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3. COGNITIVE DISTORTION THEORY
Some theories of paedophilia have a moral-cum-ideological basis. Wyre's views (in Tate, 1990) illustrate this. Such approaches often have little basis in systematic research and theory; nevertheless their capacity to attract publicity makes them influential. They may be advocated during training courses for professionals and thus gain currency away from the public record (Jenkins, 1992).
Wyre argues that paedophiles use whatever means they can to validate their activities -- thus, pornography is a source of reassurance. In pornography, for example, offenders see other adults doing much the same things that they do or want to do. This creates an aura of normality about offending which may disengage their inhibitions against offending as part of an "escalation" process:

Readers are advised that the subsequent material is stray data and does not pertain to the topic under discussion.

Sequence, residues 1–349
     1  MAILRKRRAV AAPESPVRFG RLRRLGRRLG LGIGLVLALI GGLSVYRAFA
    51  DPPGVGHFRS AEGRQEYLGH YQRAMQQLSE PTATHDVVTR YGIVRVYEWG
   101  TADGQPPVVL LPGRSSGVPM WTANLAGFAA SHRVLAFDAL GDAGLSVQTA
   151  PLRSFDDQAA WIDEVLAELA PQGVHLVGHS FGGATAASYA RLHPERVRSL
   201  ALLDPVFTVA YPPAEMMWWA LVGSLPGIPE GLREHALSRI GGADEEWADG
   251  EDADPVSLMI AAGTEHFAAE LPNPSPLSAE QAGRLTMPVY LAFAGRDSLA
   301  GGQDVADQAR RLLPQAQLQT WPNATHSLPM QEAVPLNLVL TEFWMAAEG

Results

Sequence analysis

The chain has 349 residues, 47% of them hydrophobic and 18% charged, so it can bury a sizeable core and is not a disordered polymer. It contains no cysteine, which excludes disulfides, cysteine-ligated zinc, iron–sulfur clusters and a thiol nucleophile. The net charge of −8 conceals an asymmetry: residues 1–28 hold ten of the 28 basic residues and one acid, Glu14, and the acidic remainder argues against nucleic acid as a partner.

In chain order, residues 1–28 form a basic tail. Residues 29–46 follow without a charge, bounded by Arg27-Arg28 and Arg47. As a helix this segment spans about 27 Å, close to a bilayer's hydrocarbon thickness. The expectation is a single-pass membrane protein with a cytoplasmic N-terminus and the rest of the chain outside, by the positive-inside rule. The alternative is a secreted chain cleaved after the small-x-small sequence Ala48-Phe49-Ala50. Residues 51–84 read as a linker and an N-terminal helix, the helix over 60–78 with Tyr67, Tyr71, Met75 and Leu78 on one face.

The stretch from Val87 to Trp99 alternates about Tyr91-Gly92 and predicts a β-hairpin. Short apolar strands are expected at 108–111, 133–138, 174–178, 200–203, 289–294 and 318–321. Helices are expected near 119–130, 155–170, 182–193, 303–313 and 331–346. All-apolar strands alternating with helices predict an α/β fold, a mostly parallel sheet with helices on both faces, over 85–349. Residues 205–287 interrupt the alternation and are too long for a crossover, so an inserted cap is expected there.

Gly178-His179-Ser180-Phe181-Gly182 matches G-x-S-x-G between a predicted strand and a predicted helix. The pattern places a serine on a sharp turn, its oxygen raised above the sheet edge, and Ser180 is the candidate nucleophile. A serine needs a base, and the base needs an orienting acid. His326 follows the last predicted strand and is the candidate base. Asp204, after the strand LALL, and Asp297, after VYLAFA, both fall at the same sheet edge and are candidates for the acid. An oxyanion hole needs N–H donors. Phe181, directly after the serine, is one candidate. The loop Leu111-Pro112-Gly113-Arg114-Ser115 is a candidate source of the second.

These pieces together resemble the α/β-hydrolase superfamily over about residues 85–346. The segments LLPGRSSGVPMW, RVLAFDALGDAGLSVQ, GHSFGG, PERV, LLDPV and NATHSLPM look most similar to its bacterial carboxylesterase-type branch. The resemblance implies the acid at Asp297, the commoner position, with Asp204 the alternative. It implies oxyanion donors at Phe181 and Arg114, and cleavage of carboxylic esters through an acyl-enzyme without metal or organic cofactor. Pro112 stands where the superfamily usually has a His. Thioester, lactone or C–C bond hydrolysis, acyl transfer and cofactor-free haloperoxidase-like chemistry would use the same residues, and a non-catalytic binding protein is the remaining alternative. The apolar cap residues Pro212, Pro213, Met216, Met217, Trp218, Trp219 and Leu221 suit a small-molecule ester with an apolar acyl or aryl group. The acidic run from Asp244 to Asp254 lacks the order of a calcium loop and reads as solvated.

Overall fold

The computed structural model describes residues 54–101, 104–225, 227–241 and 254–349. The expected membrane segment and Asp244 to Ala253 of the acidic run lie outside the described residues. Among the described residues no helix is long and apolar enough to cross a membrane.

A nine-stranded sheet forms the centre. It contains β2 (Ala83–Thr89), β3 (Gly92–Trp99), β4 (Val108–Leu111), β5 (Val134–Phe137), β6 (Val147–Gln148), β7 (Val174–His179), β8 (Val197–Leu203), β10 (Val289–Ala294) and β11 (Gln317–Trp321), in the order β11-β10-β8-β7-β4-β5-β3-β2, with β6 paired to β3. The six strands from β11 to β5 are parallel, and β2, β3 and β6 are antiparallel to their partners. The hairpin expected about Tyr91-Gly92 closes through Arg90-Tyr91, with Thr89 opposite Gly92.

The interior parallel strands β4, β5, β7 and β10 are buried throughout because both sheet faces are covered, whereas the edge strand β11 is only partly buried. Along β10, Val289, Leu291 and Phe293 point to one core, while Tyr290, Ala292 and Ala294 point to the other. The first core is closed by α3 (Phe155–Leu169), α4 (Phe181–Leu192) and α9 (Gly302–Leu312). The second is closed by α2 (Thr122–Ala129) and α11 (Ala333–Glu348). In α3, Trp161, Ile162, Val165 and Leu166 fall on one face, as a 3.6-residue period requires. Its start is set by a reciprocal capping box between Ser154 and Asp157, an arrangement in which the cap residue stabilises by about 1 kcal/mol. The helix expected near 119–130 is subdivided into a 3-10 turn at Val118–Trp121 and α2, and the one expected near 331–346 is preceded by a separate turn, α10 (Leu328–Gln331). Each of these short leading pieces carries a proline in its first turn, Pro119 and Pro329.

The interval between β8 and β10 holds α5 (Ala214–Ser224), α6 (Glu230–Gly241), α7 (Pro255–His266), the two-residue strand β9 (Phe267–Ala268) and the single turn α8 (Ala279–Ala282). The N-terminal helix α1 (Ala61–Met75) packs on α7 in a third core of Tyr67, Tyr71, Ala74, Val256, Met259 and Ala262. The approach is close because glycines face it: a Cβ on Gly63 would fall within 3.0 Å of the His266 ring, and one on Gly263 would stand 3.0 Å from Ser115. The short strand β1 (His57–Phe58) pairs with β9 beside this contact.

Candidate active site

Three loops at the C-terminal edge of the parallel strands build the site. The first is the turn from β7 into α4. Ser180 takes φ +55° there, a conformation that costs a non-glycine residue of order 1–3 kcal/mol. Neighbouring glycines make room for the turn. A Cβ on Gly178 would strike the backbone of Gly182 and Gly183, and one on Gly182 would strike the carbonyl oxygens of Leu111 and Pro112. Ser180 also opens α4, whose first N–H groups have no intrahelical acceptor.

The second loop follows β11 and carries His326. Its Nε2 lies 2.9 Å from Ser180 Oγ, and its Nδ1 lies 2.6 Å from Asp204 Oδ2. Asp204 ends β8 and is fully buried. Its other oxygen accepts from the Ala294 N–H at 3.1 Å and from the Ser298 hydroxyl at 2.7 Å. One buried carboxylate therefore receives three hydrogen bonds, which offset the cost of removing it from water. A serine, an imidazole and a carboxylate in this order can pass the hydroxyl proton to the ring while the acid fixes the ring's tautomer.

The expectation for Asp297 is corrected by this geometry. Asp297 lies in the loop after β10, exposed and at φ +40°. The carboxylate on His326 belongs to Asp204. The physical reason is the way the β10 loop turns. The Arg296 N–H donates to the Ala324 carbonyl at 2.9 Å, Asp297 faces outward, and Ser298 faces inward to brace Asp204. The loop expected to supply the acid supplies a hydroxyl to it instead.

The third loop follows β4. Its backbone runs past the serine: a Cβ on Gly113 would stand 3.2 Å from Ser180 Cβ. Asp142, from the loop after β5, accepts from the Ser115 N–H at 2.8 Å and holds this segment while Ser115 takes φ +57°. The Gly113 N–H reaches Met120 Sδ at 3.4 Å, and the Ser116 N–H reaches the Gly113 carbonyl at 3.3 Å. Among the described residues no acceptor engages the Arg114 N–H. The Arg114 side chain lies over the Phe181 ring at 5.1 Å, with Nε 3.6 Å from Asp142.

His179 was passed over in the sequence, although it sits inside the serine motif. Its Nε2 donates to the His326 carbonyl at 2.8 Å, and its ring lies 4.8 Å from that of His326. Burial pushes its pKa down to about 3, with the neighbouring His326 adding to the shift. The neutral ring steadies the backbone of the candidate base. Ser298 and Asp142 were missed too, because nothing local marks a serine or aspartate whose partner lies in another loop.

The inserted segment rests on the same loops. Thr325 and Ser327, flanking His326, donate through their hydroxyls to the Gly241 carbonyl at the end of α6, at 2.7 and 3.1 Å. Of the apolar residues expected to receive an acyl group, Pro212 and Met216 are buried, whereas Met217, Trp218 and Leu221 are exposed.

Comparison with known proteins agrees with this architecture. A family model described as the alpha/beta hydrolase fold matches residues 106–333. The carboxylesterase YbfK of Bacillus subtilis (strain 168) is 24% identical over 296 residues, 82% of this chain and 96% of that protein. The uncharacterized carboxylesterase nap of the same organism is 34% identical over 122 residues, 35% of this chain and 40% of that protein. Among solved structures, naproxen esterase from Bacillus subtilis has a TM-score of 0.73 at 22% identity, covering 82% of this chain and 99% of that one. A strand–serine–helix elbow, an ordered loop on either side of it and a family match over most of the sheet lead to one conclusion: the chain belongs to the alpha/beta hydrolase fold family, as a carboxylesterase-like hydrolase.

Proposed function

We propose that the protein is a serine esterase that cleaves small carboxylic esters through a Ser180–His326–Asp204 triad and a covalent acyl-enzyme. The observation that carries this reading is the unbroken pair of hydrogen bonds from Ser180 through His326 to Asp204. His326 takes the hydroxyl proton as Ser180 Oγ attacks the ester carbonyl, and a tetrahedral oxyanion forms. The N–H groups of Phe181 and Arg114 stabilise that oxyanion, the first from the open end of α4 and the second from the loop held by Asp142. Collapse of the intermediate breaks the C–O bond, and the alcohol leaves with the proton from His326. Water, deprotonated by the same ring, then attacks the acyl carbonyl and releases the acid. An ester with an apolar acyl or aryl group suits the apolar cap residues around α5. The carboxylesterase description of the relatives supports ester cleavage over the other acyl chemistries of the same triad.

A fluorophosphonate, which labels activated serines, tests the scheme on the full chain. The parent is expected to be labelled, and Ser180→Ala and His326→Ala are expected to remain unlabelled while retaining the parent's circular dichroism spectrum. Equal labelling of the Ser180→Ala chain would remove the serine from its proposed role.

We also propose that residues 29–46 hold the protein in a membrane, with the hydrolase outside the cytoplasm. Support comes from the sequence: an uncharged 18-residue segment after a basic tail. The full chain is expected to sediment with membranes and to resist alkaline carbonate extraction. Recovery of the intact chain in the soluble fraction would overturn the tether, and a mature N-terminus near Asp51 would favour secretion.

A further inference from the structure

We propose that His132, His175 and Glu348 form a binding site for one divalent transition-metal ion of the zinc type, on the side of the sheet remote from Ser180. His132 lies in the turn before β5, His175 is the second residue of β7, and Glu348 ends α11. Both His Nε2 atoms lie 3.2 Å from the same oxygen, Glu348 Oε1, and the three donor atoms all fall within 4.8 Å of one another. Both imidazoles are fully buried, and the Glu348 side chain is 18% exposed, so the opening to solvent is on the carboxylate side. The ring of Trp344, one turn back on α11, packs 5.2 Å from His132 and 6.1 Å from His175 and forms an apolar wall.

He rejects the suggestion that pornography serves as a "safety valve" which diverts sexual energy away from offending. Paedophilia is an addiction, not cured by providing fuel to that addiction.
Among the characteristic cognitive style of paedophiles is minimalization of their offending. Due to this, offenders' criminal records are usually incomplete or inaccurate:
Furthermore, the offender's choice of language may redefine the abuse as something consensual and desired by the child:
Partly for this reason, incest and paedophilia should not be regarded as separate and different phenomena; they are "inextricably linked". All types of offender are "just ordinary men" who are adroit at hiding their sexual feelings.
The excuses also extend to blaming the child. Claims that the abuse was an accident are common:
This propensity to shift the blame has to be confronted in order to begin to control abusers. Professionals (police, psychologists, social workers) may inadvertently reinforce this other-blame due to ignorance:
It is counterproductive to treat the man primarily as part of the family system since this merely allows him more freedom to lay the blame on the dysfunctional family or another family member.